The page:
Minimizing Pain Associated with Plantar Fasciitis

February 7, 2017

In my previous blog “Understanding Heel Pain Associated with Plantar Fasciitis and Heel Spurs”, I point out current research indicating the condition develops as a result of micro tearing of connective tissue plantar fascia. In other words the connective tissue plantar fascia is breaking down probably due to over use, over load. The arch contour being too flat or excessively high may also be contributing factors. As with any soft tissue injury, re frame from further aggravating the condition is the first consideration. Find footwear that is comfortable. Some find a gel insert under the heel reduces discomfort.

 

Classic signs and symptoms of Plantar Fasciitis;

Very painful when first getting out of bed.

The pain eases after 10-15 minutes of moving around.

Pain after rest e.g. after sitting for a period of time, extreme pain again when standing.

And increasing pain when standing or walking for long periods of time.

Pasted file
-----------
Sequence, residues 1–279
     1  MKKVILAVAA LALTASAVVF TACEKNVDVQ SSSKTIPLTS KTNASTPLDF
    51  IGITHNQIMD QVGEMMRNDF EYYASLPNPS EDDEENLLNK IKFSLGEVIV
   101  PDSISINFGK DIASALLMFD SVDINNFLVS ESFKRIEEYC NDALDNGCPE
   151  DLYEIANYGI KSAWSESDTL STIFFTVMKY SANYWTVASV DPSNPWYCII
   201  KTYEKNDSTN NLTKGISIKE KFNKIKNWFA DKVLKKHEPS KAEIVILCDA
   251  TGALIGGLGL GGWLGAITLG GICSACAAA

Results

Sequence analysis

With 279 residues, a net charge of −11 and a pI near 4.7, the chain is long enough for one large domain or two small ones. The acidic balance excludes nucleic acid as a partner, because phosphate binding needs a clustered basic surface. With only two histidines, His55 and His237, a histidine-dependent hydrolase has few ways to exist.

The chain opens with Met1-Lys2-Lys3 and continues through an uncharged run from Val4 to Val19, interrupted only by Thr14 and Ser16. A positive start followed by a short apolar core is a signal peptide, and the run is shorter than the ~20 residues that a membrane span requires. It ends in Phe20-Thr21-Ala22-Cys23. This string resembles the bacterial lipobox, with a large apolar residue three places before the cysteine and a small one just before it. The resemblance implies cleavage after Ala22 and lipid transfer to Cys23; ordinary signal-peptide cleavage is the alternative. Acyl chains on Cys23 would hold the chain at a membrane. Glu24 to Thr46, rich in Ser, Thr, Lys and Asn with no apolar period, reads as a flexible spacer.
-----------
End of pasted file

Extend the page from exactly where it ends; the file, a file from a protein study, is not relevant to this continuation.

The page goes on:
Most people with Plantar Fasciitis will recognize these well-documented symptoms.

 

Some suggestions

To reduce the pain and suffering when getting up, I recommend moving the muscles in your foot before you stand. To do this flex your toes downward toward your heel and then extend your toes up toward your knee. Continue this movement slowly for 2-3minutes. Known as Arch Activation the movement of your toes in this manner will cause the connective tissue plantar fascia to soften and become more flexible. Reduced rigidity and more flexibility reduce tension at the point of pain. When standing the load of tension is spread more evenly through out the length of the medial arch and plantar fascia.

 

When your feet are aching after standing or walking soak in warm water for 15 minutes then gently massage the entire sole (plantar surface) of the foot. This will increase flexibility and blood flow to the connective tissue plantar fascia. The experience is pleasurable and the discomfort will melt away.

 

For pain under your heel that feels like a throbbing or stinging sensation a cold can or frozen plastic water bottle is helpful. Place the can or bottle on the floor sit down on a chair and gently roll under your foot. The cool temperature will sooth the pain and rolling under the foot helps soften the connective tissue plantar fascia.

 

Hopefully these suggestions can help those suffering from plantar fasciitis manage their discomfort. If the condition hasn’t improved in three months treatment with Radial Shockwave Therapy

 is the preferred choice.

 

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